Natural Resources, School of


First Advisor

Joseph J. Fontaine

Date of this Version



Corral, Lucia. "Spatial and Temporal Structure of a Canid Community in Nebraska" (2018) Dissertations and Theses in Natural Resources. University of Nebraska-Lincoln, Lincoln.


A DISSERTATION Presented to the Faculty of The Graduate College at the University of Nebraska In Partial Fulfillment of Requirements For the Degree of Doctor of Philosophy, Major: Natural Resource Sciences (Applied Ecology), Under the Supervision of Professor Joseph J. Fontaine. Lincoln, Nebraska: December, 2018.

Copyright (c) 2018 Lucía Corral Hurtado


Understanding patterns of space-use by individuals, their distribution, and how they coexist with ecologically similar species is crucial to address various issues in ecology, evolution, conservation biology, and wildlife management. However, the study of such patterns challenging because the relationship among species and their environment is shaped by multiple ecological processes, many of which are acting at different scales, often in a hierarchical manner. In the Canidae family, for instance, where interference competition appears critical, larger species such as coyotes (Canis latrans), can often affect smaller species, such as red fox (Vulpes vulpes) and swift fox (Vulpes velox), by killing or displacing foxes. As such, increases in the abundance and distribution of coyote following the development of the western Nebraska may have inadvertently restricted the range of swift fox (state endangered species) despite the availability of suitable habitat. In this study we aimed (1) to understand how land cover variables were associated with species occurrence and test the effect that presence of intraguild competitors have on the predictive distribution of the focal species (swift fox); (2) to investigate if temporal segregation among species may be the mechanism allowing their coexistence; and (3) to assess the genetic structure and diversity of swift fox population in Nebraska and explored whether or not genetic structure could be influenced by landscape feature and habitat constraints. Overall, our results reiterated the importance of native shortgrass prairies, at small scale, for the occurrence and distribution of swift fox, and showed that increases of tree, row-crops, and developed areas, at larger scales, would have negative effects on the species’ occupancy. Intraguild interactions do not seemed to be a significant force affecting swift fox occupancy. We found seasonal differences in activity patterns overlap among species and that differences in canid body size can predict the degree of their temporal separation. Our result suggest that swift fox population in Nebraska is restricted to two subpopulations within its available habitat, but without clear genetic structure and geographic isolation; gene flow among populations is occurring within Nebraska and across the larger region. However, our findings draw attention to the potential for future reduction of genetic diversity due to swift fox small population size in light of increasingly diminished and fragmented suitable habitat.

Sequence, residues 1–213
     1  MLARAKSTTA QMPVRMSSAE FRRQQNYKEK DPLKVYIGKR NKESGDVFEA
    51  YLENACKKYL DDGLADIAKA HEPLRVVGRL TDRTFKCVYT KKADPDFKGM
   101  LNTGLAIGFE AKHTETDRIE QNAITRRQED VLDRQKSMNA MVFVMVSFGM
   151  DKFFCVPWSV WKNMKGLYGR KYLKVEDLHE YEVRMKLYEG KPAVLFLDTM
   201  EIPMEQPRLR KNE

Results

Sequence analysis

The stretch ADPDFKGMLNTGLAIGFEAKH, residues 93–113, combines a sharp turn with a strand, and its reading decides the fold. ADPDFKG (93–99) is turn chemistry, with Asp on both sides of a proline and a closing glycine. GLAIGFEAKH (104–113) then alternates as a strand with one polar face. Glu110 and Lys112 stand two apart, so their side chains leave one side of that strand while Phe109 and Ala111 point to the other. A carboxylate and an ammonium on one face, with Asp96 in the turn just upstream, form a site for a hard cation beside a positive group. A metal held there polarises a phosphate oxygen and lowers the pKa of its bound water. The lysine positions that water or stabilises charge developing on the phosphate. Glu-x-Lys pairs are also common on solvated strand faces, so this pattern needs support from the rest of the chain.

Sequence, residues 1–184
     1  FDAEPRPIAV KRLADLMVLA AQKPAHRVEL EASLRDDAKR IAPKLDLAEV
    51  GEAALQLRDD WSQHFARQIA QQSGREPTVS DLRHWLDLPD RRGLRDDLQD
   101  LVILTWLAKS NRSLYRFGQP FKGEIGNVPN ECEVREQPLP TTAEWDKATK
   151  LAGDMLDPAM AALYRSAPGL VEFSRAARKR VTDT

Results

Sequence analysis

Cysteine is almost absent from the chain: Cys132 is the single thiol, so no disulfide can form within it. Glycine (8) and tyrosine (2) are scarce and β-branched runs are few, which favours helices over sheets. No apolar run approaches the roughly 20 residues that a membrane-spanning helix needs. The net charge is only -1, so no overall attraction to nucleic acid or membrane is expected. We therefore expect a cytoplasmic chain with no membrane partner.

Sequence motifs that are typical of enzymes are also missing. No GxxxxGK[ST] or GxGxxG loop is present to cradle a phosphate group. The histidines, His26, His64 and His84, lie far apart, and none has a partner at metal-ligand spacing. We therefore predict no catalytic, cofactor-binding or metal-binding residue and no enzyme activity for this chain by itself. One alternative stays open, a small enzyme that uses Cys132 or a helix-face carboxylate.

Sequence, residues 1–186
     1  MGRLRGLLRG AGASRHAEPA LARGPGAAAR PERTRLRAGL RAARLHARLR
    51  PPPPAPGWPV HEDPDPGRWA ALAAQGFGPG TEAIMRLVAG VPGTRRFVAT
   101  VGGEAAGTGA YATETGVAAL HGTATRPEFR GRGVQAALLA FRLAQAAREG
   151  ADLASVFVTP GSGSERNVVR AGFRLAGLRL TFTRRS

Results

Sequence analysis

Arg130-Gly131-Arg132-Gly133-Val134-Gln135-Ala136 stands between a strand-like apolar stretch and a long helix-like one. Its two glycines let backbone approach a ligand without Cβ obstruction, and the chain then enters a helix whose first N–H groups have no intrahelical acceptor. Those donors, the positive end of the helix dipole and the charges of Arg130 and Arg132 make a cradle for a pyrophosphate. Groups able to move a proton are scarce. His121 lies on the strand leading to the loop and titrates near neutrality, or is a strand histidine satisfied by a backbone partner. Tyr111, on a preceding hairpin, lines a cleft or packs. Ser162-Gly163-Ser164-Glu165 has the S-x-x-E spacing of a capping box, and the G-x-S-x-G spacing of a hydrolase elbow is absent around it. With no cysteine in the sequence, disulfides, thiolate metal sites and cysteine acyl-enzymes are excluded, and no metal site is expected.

Adviser: Joseph J. Fontaine